Cities would do well to remember that local franchise fees are not specifically tied to video
revenues, just the revenues that are collected via the cable TV model. Franchise revenues are safe
as long as the service provider uses a local satellite head-end to receive hundreds of programming
channels and pipe them down the cable to area homes. Should programming delivery shift to
predominantly Web-based sources—say through content aggregation by Akimbo, Google, Yahoo,
Netflix or the studios themselves—it would severely cut into, if not replace, today’s downlink-and-
transmit cable distribution model.

Under the way franchise rules work, cities can no more collect a fee on these revenues than they
can on iTunes downloads or any other on-line transaction. Should it become unprofitable at some
point for broadband providers to act as “cable companies” in the sense we know now, and
reorganize their businesses away from direct distribution to Web-based content aggregation,
franchise fee revenues will begin to dry up. This stands to occur a lot sooner than the 10 to 15
years many local franchise agreements still have to run.

The recent news that CBS plans to launch a Web-based TV channel stokes some thinking about the
future of video delivery over the Internet, and the issue of cable franchise fees. While ABC, NBC
and Time Warner have been making some of their popular TV programs available for post-
broadcast download, CBS’s Innertube site is the first to offer original network-branded
entertainment via the Web. Most programs are youth-oriented and, in CBS’s terms, “edgier” than
standard broadcast content.

Beyond that, pending affiliate approval, Innertube will stream network shows once they air in their
usual timeslot. CBS also plans to make a library of 100,000 hours of programming available on the
site, some of it on a pay-per-view basis.

Multichannel video may never go away, but a large percentage of customers will elect to download
TV entertainment via the Internet. Most franchise laws do not consider Internet purchases as part
“gross video revenue,” although the Senate bill includes language that tries to shoehorn in video
revenues from undefined “affiliates.” Should major service providers initiate this type of shift, it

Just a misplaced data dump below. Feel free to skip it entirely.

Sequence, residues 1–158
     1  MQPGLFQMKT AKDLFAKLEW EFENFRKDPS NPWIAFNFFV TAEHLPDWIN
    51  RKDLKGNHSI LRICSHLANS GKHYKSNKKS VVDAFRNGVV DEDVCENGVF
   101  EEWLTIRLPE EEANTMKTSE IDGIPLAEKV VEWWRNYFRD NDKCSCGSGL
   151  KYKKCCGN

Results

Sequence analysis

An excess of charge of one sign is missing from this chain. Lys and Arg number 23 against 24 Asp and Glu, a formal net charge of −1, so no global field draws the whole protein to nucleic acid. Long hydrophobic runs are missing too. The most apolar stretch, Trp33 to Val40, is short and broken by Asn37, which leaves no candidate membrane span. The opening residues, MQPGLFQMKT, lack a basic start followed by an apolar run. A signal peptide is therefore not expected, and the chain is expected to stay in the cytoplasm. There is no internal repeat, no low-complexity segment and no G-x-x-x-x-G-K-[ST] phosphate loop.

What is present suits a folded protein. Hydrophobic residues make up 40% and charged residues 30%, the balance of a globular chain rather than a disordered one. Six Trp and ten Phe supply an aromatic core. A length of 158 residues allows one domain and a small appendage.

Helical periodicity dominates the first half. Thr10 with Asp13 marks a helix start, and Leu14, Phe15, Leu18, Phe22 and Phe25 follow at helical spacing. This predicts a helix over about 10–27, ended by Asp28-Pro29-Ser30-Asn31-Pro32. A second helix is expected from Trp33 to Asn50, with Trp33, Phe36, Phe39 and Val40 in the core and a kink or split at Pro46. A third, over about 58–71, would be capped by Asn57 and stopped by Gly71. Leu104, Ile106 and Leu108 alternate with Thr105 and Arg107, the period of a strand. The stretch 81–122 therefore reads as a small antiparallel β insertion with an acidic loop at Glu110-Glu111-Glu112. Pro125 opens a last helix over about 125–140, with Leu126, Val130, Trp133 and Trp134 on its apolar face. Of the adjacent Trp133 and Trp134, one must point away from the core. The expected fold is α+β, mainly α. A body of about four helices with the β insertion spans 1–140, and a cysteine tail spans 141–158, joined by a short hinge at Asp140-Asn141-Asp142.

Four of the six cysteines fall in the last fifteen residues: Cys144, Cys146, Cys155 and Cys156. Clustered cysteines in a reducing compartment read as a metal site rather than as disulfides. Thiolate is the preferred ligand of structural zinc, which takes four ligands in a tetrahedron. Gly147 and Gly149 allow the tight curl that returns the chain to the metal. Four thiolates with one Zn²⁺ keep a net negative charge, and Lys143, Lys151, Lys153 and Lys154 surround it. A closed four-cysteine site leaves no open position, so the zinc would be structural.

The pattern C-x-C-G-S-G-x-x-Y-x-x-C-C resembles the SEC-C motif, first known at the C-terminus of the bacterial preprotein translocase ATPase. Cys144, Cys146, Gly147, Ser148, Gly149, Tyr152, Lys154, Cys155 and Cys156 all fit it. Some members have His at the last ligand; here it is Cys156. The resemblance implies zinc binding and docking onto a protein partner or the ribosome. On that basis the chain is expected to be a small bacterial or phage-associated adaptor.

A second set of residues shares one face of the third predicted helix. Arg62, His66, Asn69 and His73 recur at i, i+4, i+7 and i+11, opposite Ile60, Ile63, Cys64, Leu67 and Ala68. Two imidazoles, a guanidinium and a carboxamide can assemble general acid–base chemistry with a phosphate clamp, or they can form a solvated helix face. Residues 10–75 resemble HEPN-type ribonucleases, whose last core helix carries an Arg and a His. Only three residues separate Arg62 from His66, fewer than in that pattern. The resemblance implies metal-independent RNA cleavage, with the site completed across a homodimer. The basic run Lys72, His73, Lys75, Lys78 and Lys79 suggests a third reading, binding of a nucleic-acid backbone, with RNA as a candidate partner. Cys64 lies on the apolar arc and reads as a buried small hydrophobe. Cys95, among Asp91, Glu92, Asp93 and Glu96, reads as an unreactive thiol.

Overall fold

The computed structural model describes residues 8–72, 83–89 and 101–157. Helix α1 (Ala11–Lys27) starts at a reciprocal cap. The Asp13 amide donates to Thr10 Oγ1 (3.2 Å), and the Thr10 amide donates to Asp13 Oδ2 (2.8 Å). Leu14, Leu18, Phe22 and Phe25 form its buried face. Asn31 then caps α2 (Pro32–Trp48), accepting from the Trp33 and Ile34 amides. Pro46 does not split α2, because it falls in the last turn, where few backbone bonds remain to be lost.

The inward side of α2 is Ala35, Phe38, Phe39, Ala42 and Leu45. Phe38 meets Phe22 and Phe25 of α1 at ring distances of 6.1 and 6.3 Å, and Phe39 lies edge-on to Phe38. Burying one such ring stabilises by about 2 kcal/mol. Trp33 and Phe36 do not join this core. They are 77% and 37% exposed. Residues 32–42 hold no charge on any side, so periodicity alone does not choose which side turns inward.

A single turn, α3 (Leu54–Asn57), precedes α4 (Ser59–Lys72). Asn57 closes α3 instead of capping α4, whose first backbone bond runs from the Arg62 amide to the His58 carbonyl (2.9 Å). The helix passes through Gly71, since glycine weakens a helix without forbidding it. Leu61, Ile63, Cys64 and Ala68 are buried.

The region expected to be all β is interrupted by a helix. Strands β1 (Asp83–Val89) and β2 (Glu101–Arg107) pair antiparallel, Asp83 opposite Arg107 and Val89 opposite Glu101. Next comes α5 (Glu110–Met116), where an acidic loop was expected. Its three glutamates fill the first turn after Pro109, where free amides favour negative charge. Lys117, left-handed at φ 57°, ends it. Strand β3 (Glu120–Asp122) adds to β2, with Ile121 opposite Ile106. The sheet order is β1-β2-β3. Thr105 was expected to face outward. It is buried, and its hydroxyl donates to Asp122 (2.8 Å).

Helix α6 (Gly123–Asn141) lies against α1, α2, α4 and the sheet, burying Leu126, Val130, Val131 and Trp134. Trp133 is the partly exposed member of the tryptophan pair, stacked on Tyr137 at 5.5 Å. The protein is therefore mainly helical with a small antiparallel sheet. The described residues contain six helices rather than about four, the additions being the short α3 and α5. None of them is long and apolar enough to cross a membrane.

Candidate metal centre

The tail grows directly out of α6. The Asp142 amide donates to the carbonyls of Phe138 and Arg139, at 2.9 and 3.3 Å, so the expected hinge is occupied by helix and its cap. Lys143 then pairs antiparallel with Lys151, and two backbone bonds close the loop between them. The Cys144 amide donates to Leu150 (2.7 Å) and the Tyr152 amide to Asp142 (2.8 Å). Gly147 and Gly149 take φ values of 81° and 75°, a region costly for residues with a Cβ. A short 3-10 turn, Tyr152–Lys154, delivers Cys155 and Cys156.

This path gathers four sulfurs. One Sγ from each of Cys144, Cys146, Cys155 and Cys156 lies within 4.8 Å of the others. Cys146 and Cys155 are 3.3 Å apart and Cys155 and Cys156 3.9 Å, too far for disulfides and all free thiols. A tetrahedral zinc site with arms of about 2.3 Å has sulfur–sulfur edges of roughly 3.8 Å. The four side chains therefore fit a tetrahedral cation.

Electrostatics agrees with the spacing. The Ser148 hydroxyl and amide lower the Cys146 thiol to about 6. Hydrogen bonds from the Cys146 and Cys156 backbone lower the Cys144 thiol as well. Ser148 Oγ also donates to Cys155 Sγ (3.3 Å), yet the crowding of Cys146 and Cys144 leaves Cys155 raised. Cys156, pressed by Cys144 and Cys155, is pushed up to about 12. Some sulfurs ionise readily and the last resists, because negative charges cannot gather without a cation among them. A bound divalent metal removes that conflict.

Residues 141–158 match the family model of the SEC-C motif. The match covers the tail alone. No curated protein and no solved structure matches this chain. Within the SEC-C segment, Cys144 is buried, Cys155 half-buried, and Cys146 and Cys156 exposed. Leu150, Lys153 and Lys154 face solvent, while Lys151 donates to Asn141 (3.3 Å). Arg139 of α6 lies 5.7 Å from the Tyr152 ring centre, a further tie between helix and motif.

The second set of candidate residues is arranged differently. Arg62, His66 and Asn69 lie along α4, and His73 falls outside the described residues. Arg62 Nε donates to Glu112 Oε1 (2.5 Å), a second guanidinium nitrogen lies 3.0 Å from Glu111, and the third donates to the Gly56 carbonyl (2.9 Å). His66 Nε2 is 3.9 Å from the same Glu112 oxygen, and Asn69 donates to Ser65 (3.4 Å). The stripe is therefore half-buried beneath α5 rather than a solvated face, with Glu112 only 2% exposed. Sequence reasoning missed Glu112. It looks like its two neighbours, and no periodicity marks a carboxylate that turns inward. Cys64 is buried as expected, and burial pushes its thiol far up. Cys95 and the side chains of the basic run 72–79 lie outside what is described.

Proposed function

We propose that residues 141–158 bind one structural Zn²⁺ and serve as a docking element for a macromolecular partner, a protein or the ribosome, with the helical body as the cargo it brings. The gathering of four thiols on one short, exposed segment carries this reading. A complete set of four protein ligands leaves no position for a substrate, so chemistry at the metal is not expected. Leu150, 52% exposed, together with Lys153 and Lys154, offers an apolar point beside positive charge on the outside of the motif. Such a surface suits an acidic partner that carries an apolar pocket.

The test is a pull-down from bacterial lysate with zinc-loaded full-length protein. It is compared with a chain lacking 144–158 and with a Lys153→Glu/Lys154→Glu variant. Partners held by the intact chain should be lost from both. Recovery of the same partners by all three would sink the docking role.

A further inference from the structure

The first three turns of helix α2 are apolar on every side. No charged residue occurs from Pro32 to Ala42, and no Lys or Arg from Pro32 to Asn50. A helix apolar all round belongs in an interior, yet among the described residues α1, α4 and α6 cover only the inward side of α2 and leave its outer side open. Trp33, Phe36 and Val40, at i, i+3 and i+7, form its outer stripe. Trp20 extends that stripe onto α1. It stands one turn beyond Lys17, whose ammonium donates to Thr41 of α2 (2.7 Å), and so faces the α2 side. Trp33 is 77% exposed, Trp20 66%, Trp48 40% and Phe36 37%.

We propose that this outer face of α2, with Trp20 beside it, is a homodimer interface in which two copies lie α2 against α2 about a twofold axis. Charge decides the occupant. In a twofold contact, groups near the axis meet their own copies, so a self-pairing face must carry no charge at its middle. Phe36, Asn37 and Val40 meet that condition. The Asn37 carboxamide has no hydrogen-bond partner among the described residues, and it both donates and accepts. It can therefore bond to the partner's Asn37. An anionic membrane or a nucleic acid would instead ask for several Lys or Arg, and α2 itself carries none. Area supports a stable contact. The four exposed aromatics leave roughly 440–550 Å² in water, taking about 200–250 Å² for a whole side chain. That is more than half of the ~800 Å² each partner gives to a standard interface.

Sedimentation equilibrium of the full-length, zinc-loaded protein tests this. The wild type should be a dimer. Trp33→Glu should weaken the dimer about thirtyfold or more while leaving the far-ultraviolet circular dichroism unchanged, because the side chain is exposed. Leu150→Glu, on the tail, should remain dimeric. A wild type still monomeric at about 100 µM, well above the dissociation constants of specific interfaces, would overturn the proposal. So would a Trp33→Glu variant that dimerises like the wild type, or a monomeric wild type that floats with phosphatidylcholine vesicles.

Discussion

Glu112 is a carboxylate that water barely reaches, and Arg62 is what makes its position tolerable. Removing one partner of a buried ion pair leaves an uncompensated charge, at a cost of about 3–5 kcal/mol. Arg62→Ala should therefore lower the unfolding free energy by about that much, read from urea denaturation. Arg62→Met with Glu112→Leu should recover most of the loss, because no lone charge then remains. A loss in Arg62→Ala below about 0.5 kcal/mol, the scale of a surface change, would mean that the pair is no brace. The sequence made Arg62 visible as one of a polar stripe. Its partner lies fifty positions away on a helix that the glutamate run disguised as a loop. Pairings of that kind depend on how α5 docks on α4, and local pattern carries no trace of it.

may take either a court ruling or an FCC decision to reinforce the exclusion of Internet-derived
22 Reason Foundation

revenues. The decisions in Oklahoma and Connecticut not to regulate IP video as a multichannel
cable TV service will be critical precedents.

So in addition to confronting the trend toward franchise reform, cities and towns need to begin
thinking about their fiscal sources in an era of diminished cable revenues. Franchise fee systems
exist as long as the value proposition of video over broadband does. Change is coming and it
favors unregulated models. For local franchise agencies the battle against franchise reform stands
to be a losing one. Initiatives at the state and federal level have the momentum of constituent and
legislator support. Right behind them come companies with video distribution schemes that exist
outside regulatory bounds. For local authorities, the wisest course of action is to make plans for the
day when the local TV distribution is no longer a cash cow.

About the Author

S teven Titch is a policy analyst at Reason Foundation, focusing on telecommunications,

information technology, and municipal broadband issues. He is also managing editor of
InfoTech & Telecom News (IT&T News) published by the Heartland Institute and provides strategic
market research and analysis as a private consultant. His columns have appeared in Investor's